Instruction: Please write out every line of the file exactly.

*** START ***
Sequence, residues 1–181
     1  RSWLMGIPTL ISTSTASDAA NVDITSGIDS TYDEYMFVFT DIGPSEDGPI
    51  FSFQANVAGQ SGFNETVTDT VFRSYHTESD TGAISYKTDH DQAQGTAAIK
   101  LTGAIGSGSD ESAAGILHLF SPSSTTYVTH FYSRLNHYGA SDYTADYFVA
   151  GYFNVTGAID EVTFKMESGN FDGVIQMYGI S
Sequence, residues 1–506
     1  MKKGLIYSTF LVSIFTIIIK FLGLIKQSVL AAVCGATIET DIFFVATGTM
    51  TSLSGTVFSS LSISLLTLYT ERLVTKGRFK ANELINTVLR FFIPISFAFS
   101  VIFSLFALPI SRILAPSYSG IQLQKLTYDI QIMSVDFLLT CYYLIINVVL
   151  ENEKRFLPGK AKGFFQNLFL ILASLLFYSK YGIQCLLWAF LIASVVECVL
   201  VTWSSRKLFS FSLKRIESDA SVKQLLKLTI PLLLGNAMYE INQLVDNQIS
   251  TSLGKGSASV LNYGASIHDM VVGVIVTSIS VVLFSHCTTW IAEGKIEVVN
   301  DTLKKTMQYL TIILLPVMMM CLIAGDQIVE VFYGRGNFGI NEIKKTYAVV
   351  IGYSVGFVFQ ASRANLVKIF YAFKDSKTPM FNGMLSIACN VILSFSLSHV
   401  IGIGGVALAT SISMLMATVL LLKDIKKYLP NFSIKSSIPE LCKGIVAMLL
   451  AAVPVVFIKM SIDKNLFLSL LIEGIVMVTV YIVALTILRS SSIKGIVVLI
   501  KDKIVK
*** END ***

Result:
Sequence, residues 1–181
     1  RSWLMGIPTL ISTSTASDAA NVDITSGIDS TYDEYMFVFT DIGPSEDGPI
    51  FSFQANVAGQ SGFNETVTDT VFRSYHTESD TGAISYKTDH DQAQGTAAIK
   101  LTGAIGSGSD ESAAGILHLF SPSSTTYVTH FYSRLNHYGA SDYTADYFVA
   151  GYFNVTGAID EVTFKMESGN FDGVIQMYGI S
Sequence, residues 1–506
     1  MKKGLIYSTF LVSIFTIIIK FLGLIKQSVL AAVCGATIET DIFFVATGTM
    51  TSLSGTVFSS LSISLLTLYT ERLVTKGRFK ANELINTVLR FFIPISFAFS
   101  VIFSLFALPI SRILAPSYSG IQLQKLTYDI QIMSVDFLLT CYYLIINVVL
   151  ENEKRFLPGK AKGFFQNLFL ILASLLFYSK YGIQCLLWAF LIASVVECVL
   201  VTWSSRKLFS FSLKRIESDA SVKQLLKLTI PLLLGNAMYE INQLVDNQIS
   251  TSLGKGSASV LNYGASIHDM VVGVIVTSIS VVLFSHCTTW IAEGKIEVVN
   301  DTLKKTMQYL TIILLPVMMM CLIAGDQIVE VFYGRGNFGI NEIKKTYAVV
   351  IGYSVGFVFQ ASRANLVKIF YAFKDSKTPM FNGMLSIACN VILSFSLSHV
   401  IGIGGVALAT SISMLMATVL LLKDIKKYLP NFSIKSSIPE LCKGIVAMLL
   451  AAVPVVFIKM SIDKNLFLSL LIEGIVMVTV YIVALTILRS SSIKGIVVLI
   501  KDKIVK